What's My Line?

Season 5 Episode 45

EPISODE #215

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Aired Daily 12:00 AM Jul 11, 1954 on CBS
9.3
out of 10
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EPISODE #215
AIRED:
Game 1: Mrs. Mary Jane Hagen - "Underwater Ballerina" (salaried; she performs at the Marlin Beach Hotel in her hometown of Ft. Lauderdale, FL)

Game 2: Arthur Valentine - "Racetrack Bookie" (self-employed; at Arlene's request, he gave a demonstration of his bookmaking hand/arm signals, but unfortunately the camera was not on him; from Wales, Great Britain)

Game 3: Willie Mays (b. 5/6/1931) (as Mystery Guest)

Game 4: Johnny Chick - "Makes Moth Balls" (salaried; from Jersey City, NJ) . .moreless

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SUBMIT REVIEW
    John Daly

    John Daly

    Moderator (1950-1967)

    Arlene Francis

    Arlene Francis

    Regular Panelist (1950-1967)

    Bennett Cerf

    Bennett Cerf

    Regular Panelist (1951-1967)

    Dorothy Kilgallen

    Dorothy Kilgallen

    Regular Panelist (1950-1965)

    Trivia, Notes, Quotes and Allusions

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    • TRIVIA (0)

    • QUOTES (1)

      • (Jack Paar makes his own joke by referring to Steve Allen's famous "is it bigger than a breadbox?" question.)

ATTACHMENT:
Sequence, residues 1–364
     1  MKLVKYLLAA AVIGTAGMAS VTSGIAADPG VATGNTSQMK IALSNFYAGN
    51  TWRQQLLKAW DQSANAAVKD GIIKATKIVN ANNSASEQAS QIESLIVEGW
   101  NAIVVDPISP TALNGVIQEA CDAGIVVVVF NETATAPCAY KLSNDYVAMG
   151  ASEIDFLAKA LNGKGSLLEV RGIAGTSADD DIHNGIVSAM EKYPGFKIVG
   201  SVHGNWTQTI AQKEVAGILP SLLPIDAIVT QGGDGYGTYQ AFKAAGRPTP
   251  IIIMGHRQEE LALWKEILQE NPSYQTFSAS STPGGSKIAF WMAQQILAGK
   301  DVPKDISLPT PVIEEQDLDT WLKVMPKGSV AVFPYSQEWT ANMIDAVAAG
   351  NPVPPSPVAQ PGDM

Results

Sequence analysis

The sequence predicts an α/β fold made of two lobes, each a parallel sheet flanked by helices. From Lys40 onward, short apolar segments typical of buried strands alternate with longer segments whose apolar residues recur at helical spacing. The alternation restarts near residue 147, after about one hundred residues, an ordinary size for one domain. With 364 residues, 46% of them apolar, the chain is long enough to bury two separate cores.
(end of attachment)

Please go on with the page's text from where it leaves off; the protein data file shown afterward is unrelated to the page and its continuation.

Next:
Jack Paar: Sir, what you do, is it smaller than a Steve Allen?

    • NOTES (5)

      • TODAY'S BASEBALL GAMES: On Sunday, July 11, 1954, the Pittsburgh Pirates and the New York Giants played an afternoon doubleheader at the Polo Grounds. Tonight's mystery guest, Willie Mays, hit his league-leading 31st home run and also doubled in the first game, which was won by the Giants with a score of 13-7. He went 0 for 4 in the second game and the Pirates won with a score of 5-1. The Giants had a six and a half game lead over the Brooklyn Dodgers at the middle of the year break. - cerfnet (2009)

        WILLIE MAYS AND THE ALL STAR GAME: The All Star Game was held in Cleveland on Tuesday, July 13, 1954. (This was two days after Willie Mays' appearance on "WML?") Willie Mays came into the All Star Game in the fifth inning. He was 1 for 2 with a single and a run scored, playing for the National League who lost to the American League 11-9. This was a wild game where the two teams combined for 31 hits. - cerfnet (2009)

        THE WORLD CHAMPIONSHIP: The Giants won the World Championship in October 1954 with a four-game sweep of the Cleveland Indians. This victory was sparked by Willie Mays' "over the shoulder" catch of Vic Wertz's drive in the eighth inning of Game 1. This catch, replayed many times, is considered one of the greatest in baseball history. - cerfnet (2009)

        WILLIE MAYS, MVP AWARD: In 1954, Willie Mays had a sizzling first half of the season. He hit 31 home runs with 73 runs batted in, producing a .328 batting average. Willie only hit 10 home runs in the second half of the year, but raised his batting average to .345 to become the National League's "Most Valuable Player" of 1954. - cerfnet (2009)

      • FLIP REPORT: John flipped all the cards for the second contestant at four down. Arlene had determined his line, but John said that they couldn't let somebody who had come all the way from Wales leave without the full prize. John flipped them all for the final contestant at two down because time ran out, but Dorothy had come up with moth balls before it was actually said by John. - agent_0042 (2006)